Researchers at Duke Uni­ver­si­ty have iso­lat­ed a clus­ter of neu­rons in a mouse’s brain that are cru­cial to mak­ing the squeaky, ultra­son­ic ‘songs’ a male mouse pro­duces when court­ing a poten­tial mate.

In fact, they now under­stand these neu­rons well enough to be able to make a mouse sing on com­mand or to silence it so that it can’t sing, even when it wants to impress a mate.

This lev­el of under­stand­ing and con­trol is a key advance­ment in the ongo­ing search for the mech­a­nisms that allow humans to form speech and oth­er com­mu­ni­ca­tion sounds. The researchers are broad­ly inter­est­ed in the brain’s pro­duc­tion of speech and have worked with song­birds and mice as mod­els for humans.

“We were inter­est­ed in under­stand­ing how mice pro­duce these ‘love songs,’ as we call them in the lab,” said Kather­ine Tschi­da, who led the research as a post-doc­tor­al fel­low in both the Richard Mooney and Fan Wang labs at Duke neu­ro­bi­ol­o­gy.

For this study, Tschi­da and her col­leagues focused on a part of the mid­brain called the peri­aque­duc­tal gray, or PAG for short, because they knew from pre­vi­ous work by oth­ers that it would be a key play­er in the vocal­iza­tion cir­cuit, she said.

With tech­nol­o­gy devel­oped by Wang’s lab, they were able to locate and iso­late the spe­cif­ic neu­rons involved in the PAG’s cir­cuit­ry and then exper­i­ment on them.

By turn­ing the neu­rons on selec­tive­ly with a light-based method called opto­ge­net­ics, the researchers found they could make a mouse imme­di­ate­ly begin singing, even though it was alone.

On the oth­er hand, silenc­ing the activ­i­ty of the PAG neu­rons ren­dered court­ing male mice inca­pable of singing, even while they per­sist­ed in all of their oth­er courtship behav­iors.

The females turned out to be less inter­est­ed in the silent types, which also shows that the singing behav­ior is key to mouse sur­vival.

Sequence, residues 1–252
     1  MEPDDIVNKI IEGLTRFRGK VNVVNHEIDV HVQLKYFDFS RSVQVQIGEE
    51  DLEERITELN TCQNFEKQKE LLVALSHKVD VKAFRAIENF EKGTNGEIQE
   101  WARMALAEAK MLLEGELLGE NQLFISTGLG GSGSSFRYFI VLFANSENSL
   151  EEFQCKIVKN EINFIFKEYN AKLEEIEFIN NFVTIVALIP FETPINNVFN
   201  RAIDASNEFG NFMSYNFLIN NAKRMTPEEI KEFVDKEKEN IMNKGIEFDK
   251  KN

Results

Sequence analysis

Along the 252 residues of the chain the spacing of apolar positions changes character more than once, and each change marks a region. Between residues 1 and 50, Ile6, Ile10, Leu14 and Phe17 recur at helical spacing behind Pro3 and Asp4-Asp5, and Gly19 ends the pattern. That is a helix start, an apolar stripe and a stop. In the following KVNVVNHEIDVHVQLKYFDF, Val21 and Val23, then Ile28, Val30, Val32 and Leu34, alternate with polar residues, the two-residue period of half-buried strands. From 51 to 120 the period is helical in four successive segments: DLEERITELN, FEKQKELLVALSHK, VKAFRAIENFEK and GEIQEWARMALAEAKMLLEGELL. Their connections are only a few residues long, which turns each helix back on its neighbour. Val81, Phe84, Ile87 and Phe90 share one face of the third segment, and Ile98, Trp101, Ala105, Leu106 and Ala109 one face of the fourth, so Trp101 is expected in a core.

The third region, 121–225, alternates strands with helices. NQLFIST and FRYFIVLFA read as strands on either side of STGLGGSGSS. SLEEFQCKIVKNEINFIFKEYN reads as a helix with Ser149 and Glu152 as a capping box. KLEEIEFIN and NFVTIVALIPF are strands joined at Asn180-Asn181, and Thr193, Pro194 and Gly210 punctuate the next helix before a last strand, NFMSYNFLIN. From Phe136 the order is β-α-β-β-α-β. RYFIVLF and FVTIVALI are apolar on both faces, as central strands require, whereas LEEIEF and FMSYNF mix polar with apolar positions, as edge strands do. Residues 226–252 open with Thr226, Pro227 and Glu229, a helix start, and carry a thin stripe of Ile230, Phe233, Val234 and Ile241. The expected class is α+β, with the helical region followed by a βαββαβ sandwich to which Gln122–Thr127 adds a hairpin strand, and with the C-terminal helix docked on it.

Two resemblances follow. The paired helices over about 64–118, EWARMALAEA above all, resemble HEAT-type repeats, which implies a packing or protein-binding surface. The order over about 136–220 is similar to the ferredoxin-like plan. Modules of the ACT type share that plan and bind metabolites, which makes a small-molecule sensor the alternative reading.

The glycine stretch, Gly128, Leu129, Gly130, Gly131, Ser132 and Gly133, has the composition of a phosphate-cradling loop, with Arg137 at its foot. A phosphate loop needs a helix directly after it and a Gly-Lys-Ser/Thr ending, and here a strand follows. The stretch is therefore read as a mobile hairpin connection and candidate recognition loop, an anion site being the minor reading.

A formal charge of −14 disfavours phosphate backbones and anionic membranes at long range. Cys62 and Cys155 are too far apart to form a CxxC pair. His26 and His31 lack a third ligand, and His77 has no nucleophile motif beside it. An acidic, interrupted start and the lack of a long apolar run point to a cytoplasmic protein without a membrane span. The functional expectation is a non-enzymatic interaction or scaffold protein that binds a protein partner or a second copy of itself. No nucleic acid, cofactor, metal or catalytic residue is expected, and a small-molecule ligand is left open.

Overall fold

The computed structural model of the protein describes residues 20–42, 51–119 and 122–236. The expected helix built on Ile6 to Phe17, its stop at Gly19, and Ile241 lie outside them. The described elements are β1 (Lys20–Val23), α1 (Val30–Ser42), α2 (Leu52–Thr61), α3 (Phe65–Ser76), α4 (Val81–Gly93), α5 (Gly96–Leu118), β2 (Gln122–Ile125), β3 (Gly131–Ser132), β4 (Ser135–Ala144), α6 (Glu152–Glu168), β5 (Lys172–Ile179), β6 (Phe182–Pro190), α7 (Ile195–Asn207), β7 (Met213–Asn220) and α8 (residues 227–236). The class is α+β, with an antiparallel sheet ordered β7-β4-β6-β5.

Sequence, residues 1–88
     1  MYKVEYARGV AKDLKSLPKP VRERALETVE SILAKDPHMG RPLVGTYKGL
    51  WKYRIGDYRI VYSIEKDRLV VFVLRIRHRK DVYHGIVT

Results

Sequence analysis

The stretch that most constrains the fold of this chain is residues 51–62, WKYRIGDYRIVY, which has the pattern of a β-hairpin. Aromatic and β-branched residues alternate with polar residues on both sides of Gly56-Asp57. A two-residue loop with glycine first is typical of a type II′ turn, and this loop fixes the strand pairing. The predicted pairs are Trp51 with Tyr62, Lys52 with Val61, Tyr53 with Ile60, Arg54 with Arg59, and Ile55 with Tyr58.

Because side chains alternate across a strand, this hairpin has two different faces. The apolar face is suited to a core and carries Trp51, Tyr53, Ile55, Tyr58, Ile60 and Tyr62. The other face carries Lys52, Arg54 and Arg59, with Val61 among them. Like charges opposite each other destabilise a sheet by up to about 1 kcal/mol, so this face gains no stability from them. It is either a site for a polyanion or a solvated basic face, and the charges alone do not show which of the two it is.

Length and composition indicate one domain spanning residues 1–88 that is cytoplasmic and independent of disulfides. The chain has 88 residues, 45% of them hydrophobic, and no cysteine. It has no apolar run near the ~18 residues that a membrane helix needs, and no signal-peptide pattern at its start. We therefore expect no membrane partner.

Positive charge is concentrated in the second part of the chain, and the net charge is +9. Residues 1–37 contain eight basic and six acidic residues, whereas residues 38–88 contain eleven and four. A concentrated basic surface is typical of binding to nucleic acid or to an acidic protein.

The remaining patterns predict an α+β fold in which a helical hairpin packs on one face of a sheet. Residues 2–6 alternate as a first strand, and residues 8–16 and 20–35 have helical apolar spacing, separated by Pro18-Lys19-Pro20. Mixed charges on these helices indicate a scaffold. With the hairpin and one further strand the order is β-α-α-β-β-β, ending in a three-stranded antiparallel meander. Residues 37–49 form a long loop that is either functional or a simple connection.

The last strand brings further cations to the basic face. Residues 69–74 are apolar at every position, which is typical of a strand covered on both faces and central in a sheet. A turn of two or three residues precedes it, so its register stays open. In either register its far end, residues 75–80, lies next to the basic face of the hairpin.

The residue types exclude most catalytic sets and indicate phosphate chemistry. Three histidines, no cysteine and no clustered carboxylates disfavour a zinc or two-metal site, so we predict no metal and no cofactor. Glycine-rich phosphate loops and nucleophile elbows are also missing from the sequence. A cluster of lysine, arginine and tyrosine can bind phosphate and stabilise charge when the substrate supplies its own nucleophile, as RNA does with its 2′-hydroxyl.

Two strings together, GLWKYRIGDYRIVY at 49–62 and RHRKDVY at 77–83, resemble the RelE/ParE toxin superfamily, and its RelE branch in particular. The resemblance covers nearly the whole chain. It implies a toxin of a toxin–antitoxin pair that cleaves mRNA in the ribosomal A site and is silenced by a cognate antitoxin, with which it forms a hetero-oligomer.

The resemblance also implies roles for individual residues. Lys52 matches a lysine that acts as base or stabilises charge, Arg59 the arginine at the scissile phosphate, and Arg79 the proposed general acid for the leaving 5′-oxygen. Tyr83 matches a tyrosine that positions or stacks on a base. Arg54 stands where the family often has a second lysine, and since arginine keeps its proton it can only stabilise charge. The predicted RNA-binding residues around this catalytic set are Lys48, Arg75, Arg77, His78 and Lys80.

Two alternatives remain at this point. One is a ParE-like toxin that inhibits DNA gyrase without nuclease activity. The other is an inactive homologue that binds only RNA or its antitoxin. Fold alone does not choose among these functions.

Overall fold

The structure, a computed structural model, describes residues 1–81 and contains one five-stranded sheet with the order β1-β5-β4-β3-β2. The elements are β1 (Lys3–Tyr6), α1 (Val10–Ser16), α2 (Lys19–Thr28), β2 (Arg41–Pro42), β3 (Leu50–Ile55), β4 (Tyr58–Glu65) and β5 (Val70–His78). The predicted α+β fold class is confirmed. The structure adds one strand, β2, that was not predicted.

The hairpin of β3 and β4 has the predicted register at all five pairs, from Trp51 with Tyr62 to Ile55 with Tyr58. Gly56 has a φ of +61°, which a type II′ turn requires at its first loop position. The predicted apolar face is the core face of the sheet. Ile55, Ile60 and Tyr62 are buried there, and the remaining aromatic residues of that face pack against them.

Both exper­i­ments firm­ly estab­lish that this “sta­ble and dis­tinct pop­u­la­tion of neu­rons” is the key con­duit between behav­ior and vocal com­mu­ni­ca­tion, Tschi­da said. The work will appear in the Aug. 7 edi­tion of Neu­ron, but was pub­lished ear­ly online in mid-June.

“These neu­rons are act­ing as a base for vocal­iza­tion. But they don’t deter­mine the indi­vid­ual parts of the song,” Tschi­da said. “It’s a ‘gate’ for vocal­iza­tion.”

Tschi­da, who will join the Cor­nell Uni­ver­si­ty fac­ul­ty next year, said the research will now trace PAG’s con­nec­tions to neu­rons down­stream that com­mu­ni­cate with the voice­box, lungs and mouth, for exam­ple. And they’ll work toward the behav­ioral cen­ters upstream that tell the mouse there is a female present and he should start singing.

The researchers hope to form a more com­plete pic­ture of why mice pro­duce dif­fer­ent syl­la­bles in dif­fer­ent con­texts. “We know they do it, but don’t know yet what parts of the brain dri­ve the behav­ior,” Tschi­da said.

This research was sup­port­ed by the Nation­al Insti­tutes of Health (MH103908, DC13826, MH117778).

Sto­ry Source:

Mate­ri­als pro­vid­ed by Duke Uni­ver­si­ty. Orig­i­nal writ­ten by Karl Leif Bates. Note: Con­tent may be edit­ed for style and length.

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